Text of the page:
Skip to main content


At the weekend we finally took a trip on the teleferic. The weather was dry but a little hazy, so the photographs of the city are not the best. The teleferic itself is good fun. Unfortunately, someone seems to have forgotten to develop the top of the mountain where the ride stops. We walked out of the terminal building to be greeted by an incomplete viewing tower, a muddy road and a random collection of minibuses taking visitors to the mountainside hotels and restaurants along a narrow, badly surfaced, litter-strewn road. Maybe they will do something with it in time for next summer.


traveller one said…
Those shots are quite good Alwyn! But isn't it so disappointing at the top?? We drove up and didn't even get out of the car at the end of the road. It just looked like muck, horse-poo, and garbage. Yuck.
ローラ said…
that is a really pink house.
ourmanintirana said…
There was a lime green one on a hill top as well, but I didn't get a picture. I thought the pink clashed a bit with the Albanina flag.
ITS said…
The pink house belongs to the King!

Elvis never died, he moved to Albania and built a pink house to go with the pink Cadillac!
Anonymous said…
what's happened to this mountain? a ski lift?
and yellow cabs?

this is progress?
ourmanintirana said…
It will only truly be progress when there is a McDonalds and a Starbucks at the top.

Popular posts from this blog

50 Ways to Make Some Money

The death of communism in Albania brought a flourishing market economy to life just as it did across Central Europe and Russia. On the streets of Tirana people are buying and selling, trading goods and services in predictable, or sometimes novel, ways. The shops are the most obvious expression of this. The streets are lined with little stores selling almost everything you could want. Freed from the choking grip of state bureaucracy Albanians are now at liberty to buy whatever they can afford. No matter how absurd the demand, someone will create the supply. Hence the preponderance of shoe stores in this city of muddy streets and torn up footpaths. Especially outlandish is the fashion for high heeled white boots - about as impractical a style of footware as could be imagined. Dotted across the city are the market stalls, sometimes just one person selling bananas, elsewhere a whole street lined with sellers of fresh fruit and vegetables, meat, fish and spices. Those who cannot bring thei…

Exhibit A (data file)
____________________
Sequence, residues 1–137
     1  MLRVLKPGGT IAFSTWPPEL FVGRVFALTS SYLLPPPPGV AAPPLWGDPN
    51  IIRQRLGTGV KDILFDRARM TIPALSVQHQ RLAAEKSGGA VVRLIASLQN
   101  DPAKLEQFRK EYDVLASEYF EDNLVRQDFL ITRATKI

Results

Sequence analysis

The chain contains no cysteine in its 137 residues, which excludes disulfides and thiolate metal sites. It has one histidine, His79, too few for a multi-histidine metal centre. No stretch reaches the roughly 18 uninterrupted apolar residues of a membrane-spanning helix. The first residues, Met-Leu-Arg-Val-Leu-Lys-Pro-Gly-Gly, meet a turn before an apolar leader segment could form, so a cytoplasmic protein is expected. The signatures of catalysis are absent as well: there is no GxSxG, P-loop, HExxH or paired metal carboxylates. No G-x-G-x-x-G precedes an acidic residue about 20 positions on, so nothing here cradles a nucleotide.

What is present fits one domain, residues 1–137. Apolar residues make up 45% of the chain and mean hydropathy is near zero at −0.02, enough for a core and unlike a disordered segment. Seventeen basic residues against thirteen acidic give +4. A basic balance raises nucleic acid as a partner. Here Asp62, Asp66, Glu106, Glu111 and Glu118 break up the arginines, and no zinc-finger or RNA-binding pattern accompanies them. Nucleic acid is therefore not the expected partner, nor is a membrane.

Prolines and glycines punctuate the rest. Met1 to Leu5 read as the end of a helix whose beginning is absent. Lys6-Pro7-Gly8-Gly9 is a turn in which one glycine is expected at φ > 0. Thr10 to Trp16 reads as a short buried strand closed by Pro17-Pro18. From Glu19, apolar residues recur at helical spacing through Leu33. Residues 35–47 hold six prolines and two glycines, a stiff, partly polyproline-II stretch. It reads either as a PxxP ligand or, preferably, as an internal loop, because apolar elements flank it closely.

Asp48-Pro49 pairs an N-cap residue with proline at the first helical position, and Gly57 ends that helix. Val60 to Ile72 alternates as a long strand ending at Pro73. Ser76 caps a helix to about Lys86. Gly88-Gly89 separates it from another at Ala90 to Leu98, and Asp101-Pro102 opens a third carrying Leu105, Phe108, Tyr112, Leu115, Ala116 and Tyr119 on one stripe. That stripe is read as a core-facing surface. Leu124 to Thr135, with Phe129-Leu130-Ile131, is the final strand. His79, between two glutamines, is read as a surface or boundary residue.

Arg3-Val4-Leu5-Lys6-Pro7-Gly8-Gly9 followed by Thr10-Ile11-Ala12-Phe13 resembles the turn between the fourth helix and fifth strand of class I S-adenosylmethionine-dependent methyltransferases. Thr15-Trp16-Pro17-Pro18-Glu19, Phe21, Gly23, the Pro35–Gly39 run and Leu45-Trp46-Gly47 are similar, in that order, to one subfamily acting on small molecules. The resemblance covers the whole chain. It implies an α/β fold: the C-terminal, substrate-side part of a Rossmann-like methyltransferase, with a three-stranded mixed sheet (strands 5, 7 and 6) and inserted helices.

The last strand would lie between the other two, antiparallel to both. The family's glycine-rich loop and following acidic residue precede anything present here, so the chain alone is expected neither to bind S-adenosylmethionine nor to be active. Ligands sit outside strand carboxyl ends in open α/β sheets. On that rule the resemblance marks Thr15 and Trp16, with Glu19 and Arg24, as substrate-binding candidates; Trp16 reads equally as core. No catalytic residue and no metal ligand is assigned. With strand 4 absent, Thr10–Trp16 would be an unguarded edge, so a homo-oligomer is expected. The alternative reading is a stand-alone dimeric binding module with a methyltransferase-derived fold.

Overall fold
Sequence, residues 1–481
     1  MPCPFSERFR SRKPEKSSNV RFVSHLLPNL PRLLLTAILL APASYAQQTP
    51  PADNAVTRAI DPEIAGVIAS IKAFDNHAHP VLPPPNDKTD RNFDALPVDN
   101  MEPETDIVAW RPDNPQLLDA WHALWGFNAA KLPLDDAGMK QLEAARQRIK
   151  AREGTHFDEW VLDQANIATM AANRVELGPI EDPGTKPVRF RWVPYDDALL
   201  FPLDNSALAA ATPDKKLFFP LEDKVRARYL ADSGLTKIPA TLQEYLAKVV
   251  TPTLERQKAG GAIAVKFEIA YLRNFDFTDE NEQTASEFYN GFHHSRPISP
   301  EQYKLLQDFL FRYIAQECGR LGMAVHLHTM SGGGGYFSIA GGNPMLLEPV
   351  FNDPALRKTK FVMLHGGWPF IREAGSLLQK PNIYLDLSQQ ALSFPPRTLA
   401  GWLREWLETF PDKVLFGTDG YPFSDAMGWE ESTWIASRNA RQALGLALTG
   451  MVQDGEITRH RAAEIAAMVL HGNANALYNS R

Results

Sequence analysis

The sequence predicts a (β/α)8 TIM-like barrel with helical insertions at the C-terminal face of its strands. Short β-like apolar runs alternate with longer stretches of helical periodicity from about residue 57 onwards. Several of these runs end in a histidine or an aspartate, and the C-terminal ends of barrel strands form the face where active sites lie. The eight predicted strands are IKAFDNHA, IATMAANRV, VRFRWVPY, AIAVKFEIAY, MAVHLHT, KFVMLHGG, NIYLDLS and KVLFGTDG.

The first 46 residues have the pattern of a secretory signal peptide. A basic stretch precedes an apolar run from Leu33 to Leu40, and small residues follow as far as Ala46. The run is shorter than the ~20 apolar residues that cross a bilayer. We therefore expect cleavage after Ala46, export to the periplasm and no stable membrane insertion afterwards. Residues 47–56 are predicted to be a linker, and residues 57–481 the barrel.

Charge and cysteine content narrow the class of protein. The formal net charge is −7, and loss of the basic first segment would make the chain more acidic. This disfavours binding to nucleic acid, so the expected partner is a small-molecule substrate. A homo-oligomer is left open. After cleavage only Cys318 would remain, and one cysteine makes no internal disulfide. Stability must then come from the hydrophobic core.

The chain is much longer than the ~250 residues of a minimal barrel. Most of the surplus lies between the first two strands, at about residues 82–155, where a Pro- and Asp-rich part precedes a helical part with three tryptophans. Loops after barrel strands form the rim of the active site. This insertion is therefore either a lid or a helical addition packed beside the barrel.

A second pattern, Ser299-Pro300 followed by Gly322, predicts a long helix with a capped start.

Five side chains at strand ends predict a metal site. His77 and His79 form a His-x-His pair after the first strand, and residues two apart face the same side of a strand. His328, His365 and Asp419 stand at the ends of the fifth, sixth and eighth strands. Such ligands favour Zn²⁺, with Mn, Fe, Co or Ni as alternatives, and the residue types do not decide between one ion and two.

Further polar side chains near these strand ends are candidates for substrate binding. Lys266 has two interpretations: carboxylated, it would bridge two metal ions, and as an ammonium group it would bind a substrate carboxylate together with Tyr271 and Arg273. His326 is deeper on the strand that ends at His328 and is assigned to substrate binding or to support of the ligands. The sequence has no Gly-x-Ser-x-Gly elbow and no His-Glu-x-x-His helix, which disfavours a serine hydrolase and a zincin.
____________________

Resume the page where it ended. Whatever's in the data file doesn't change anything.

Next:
Petrela Castle

This is Petrela Castle near Tirana. The site has been fortified since the 4th century, but the oldest surviving parts are from the 13th century. Today the castle is a restaurant where you can enjoy lunch while taking in the views.


Welcome to Our Man in Tirana. I moved to Tirana, capital of Albania, in October 2005 and left in October 2007. This blog is a mix of photographs, reports, links, impressions and, undoubtedly, prejudices relating to the city and the country.

Since I am no longer in Tirana I am no longer updating this blog. However, there are over 300 posts covering this two year period and I hope that they are still of some interest.

So if you are curious about Albania or if you are planning to visit I hope this blog will be of value.